- I was every bit as available from home as I normally am in the office. In addition to my front-end web development responsibilities, there is a customer service aspect to my job, which I love. People have web- or design-related needs that they often don’t realize until the last minute. They call or email me for help. I solve the problem. They are grateful. I feel needed. It’s tremendously satisfying. Thanks to the work of the company’s IT department, there were systems in place that allowed me to do my job seamlessly from my remote location. I forwarded my office phone number to my home phone, and I could access all the internal resources I needed over a secure VPN connection.
- I was productive. I won’t claim that I was more productive than usual, but I would go so far as to say that I was equally productive. I attribute this to being happier, healthier, and less distracted, as noted above.
- I’m not going to lie: I enjoyed working in my pajamas and slippers.
- I missed many of my coworkers. Even the ones who cause some of the aforementioned distractions. I am fortunate to work with great people, and for better or worse, we are like a big family. As effective a communication medium as the web is, there’s no substitute for a face-to-face discussion, with all the nuance and body language it provides. But I think that a meet-up once every week or two would suffice.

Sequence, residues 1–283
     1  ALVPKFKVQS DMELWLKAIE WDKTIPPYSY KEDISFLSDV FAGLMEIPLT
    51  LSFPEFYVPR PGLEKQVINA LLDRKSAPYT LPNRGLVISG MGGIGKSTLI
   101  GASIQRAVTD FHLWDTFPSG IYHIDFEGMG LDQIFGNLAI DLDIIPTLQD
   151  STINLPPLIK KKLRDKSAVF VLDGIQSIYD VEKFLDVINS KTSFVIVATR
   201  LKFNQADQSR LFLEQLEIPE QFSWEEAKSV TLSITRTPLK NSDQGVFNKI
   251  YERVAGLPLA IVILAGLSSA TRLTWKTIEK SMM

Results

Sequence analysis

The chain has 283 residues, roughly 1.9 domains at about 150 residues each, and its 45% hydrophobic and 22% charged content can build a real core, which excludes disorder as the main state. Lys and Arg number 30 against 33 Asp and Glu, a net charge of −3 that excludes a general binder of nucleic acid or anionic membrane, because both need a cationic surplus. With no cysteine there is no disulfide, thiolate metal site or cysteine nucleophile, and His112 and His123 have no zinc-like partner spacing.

- I missed riding my motorbike. In the winter when it’s snowing, and when school is in session and traffic is dense, the commute is stressful. But in the summer when the weather is nice, I love to ride my motorcycle to work. I choose a mellow route that meanders over backroads through some beautiful, hilly farmland. It’s a nice meditation, and a nice way to bookend the work day.
- Network latency. I worked over a fast cable internet connection, but some unknown link in the chain throttled network speeds to a crawl. I’m not sure whether it’s simply the nature of VPN, or an under-provisioned server, or if it’s an issue with Adobe applications. Photoshop CC took 34 seconds to open a 52MB file off of a network drive, versus 7 seconds to open the same file saved to my local machine’s desktop. I quickly figured out that it was more effective to copy files down to my local machine, work on them there, then copy them back to the network drive when I was done.
- Telephone service. Out here in the country where I live, Verizon’s wireless signal is pathetic. Just about every phone call I take gets dropped or scrambled. This wasn’t a huge problem for my work, as I conducted most of my business asynchronously via email. But the handful of people who reached out by phone had to repeat themselves a couple of times.
- Time seemed to pass more slowly than usual. It felt a bit like jet lag at first. I attribute this to the absence of the habitual “structure” imposed by the normal work week: waking early, exercising, showering, donning the business-casual attire, commuting, etc. I created a new structure during my two weeks of telecommuting, but it felt unfamiliar, and it took almost the whole two weeks for my circadian rhythms to adjust to it.
Obviously there are certain types of jobs (doctor, nurse, law enforcer, repair person, manufacturer, laborer) that require a physical presence at a particular work site. But for programmers, designers, writers, and other mostly computer-based professionals, telecommuting—even part of the time—seems like a reasonable and environmentally-responsible option. Kudos to the companies that trust their employees, and explore this modern approach to work.